The author of a bill that would require California high school students to be taught an ethnic studies curriculum has decided to delay the measure amid intense debate over which political identity groups should be included in the program.
“It is not a question of whether the subject [of ethnic studies] itself is necessary but rather, how do we ensure the curriculum is comprehensive, rigorous, and inclusive enough,” Assemblyman Jose Medina (D) said, reported the Sacramento Bee. “This underscores the importance of taking the time necessary to ensure we get the curriculum right.”
Medina delayed the legislation by turning it into a “two-year bill,” allowing it to have more time without being killed.
Discussions over which ethnic groups should be included in the high school draft curriculum have grown intense.
[W]e cannot support a curriculum that erases the American Jewish experience, fails to discuss antisemitism, reinforces negative stereotypes about Jews, singles out Israel for criticism, and would institutionalize the teaching of antisemitic stereotypes in our public schools.
Among the signers of the letter was the bill’s author Medina, an honorary member of the Jewish legislative caucus, who, according to the news report, raised his children in the Jewish faith.
State schools Superintendent Tony Thurmond responded to the criticism by stating a revised curriculum draft should ensure antisemitism and the contributions of the Jewish people are discussed.
“There’s no intentional omission of the experiences of Jewish Americans, but, in fact, we think that there should be mention of the contributions of Jewish Americans,” he said.
According to the Bee, representatives of various other ethnic communities, including Armenian, Hellenic, Hindu, and Korean groups, have also expressed criticism of the lack of coverage in the draft curriculum of their peoples’ struggles during their immigration to the United States.
Robyn Rodriguez, chair of the Asian American studies department at UC Davis, said these critics have misunderstood in assuming “ethnic studies as being about ethnicity.”
“Ethnic studies as a name is kind of a misnomer. What we’re really contending with is race,” she said, adding that ethnic studies at its core is about “the various kinds of inequality and exploitation for non-white people of color.”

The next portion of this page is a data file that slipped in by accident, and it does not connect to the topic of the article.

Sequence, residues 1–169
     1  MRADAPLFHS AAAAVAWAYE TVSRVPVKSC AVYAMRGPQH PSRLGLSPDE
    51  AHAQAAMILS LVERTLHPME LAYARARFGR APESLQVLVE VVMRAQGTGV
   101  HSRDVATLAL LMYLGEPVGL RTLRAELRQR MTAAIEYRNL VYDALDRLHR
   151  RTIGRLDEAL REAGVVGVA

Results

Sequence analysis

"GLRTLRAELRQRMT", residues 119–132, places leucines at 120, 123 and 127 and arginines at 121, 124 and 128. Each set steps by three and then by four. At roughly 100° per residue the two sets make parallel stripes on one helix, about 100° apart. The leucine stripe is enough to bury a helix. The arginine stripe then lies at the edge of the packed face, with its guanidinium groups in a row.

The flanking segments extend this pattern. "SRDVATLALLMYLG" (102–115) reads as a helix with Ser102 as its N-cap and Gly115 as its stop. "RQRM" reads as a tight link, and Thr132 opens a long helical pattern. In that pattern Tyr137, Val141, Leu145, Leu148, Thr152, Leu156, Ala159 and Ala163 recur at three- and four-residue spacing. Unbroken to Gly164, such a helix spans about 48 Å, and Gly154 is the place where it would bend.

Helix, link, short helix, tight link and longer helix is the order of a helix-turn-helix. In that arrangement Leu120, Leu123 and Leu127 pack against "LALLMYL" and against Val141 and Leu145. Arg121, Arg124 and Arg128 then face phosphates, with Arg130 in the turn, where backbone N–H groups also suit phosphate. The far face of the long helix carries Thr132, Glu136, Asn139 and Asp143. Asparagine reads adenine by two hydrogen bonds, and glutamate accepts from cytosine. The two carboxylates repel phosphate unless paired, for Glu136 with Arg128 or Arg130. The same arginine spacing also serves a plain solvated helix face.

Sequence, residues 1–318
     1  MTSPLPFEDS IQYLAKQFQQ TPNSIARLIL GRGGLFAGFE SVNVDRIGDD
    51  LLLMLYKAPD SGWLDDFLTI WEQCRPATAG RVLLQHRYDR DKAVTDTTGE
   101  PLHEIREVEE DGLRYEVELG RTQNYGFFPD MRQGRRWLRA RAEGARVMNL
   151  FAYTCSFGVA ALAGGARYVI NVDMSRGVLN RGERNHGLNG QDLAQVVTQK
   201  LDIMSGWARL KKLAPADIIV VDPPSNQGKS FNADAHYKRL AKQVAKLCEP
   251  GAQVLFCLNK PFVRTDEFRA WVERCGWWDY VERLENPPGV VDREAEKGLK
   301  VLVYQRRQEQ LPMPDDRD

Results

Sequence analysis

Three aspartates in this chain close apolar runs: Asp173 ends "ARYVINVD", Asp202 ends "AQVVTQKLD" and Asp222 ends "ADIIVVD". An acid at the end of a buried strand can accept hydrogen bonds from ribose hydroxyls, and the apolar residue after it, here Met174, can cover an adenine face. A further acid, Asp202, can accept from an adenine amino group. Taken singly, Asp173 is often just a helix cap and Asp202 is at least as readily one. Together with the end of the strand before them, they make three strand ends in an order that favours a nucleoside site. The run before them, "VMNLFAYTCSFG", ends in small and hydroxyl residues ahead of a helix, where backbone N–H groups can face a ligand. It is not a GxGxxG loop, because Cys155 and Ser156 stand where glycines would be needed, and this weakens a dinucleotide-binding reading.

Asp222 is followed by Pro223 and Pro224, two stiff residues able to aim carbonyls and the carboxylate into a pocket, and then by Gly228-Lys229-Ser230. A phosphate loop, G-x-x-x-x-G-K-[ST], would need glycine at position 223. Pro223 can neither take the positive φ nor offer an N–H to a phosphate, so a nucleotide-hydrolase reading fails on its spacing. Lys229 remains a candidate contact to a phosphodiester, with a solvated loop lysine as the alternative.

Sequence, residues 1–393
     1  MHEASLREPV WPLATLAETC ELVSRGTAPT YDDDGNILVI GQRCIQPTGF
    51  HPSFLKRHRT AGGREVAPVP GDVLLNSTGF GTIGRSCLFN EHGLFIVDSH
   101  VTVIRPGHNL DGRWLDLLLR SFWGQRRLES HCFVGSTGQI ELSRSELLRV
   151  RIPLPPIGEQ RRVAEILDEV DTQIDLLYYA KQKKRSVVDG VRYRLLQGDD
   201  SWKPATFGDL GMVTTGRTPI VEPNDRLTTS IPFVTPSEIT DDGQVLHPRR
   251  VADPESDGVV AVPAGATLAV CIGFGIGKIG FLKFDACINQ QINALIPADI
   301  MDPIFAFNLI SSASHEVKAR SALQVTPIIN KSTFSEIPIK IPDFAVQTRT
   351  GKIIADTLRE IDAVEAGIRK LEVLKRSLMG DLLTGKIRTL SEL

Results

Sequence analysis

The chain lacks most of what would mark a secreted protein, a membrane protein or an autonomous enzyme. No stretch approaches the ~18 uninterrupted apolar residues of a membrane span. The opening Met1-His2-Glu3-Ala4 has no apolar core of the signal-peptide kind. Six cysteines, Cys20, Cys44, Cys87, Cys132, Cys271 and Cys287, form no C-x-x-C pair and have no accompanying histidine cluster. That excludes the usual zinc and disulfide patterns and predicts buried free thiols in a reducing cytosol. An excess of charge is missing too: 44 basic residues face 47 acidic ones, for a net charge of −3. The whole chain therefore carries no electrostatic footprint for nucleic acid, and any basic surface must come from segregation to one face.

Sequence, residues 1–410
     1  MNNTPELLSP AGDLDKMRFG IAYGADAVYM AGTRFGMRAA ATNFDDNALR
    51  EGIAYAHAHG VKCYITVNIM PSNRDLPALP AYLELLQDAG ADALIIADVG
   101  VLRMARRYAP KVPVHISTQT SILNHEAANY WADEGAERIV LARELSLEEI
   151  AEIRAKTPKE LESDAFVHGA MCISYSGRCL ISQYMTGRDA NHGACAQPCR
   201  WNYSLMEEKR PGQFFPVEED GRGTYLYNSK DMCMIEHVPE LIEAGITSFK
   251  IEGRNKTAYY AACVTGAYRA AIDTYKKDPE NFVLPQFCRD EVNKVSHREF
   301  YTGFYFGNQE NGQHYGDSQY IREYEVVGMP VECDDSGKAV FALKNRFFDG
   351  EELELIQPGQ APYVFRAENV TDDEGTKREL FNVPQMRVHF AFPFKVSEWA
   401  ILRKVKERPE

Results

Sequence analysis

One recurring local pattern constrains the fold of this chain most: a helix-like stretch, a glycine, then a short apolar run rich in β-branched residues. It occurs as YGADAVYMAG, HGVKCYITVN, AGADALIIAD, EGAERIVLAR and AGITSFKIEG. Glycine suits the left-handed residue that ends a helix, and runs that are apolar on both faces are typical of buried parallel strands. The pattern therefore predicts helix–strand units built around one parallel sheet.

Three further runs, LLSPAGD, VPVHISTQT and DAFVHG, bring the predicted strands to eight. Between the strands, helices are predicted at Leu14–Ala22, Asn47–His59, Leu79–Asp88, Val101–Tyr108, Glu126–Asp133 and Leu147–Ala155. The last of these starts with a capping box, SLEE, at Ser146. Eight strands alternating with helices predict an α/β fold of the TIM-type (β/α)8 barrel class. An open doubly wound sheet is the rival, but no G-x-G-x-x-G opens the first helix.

In keeping with the focus on racism, the proposed ethnic studies curriculum also plans to teach children capitalism is a “system of power” and “oppression,” equal to “white supremacy,” “patriarchy,” and “racism.”
The writers of the model curriculum say their goal is to:
… equip all students with the skills and knowledge to think critically about the world around them and to tell their own stories, empower students to be engaged socially and politically, enable students to develop a deep appreciation for cultural diversity and inclusion, and aids in the eradication of bigotry, hate, and racism.
The draft curriculum is also steeped in gender ideology. The introduction of the document uses the term “hxrstory,” instead of “history,” in keeping with gender ideology that states “womxn” must not be defined in terms of their relation to men.
According to the model curriculum, “Ethnic studies is xdisciplinary,” and its writers add:
Ethnic Studies is about people whose cultures, hxrstories, and social positionalities are forever changing and evolving. Thus, Ethnic Studies also examines borders, borderlands, mixtures, hybridities, nepantlas, double consciousness, and reconfigured articulations, even within and beyond the various names and categories associated with our identities. People do not fit neatly into boxes, and identity is complex.
“It is difficult to comprehend the depth and breadth of the ideological bias and misrepresentations without reading the whole curriculum—something few will want to do,” Williamson Evers, a former George W. Bush administration education department official, wrote in an op-ed at the Wall Street Journal about the California draft.
He added the model curriculum has no intention of teaching “objective history.”
“Rather, it’s training students to become ideological activists and proponents of identity politics,” he said.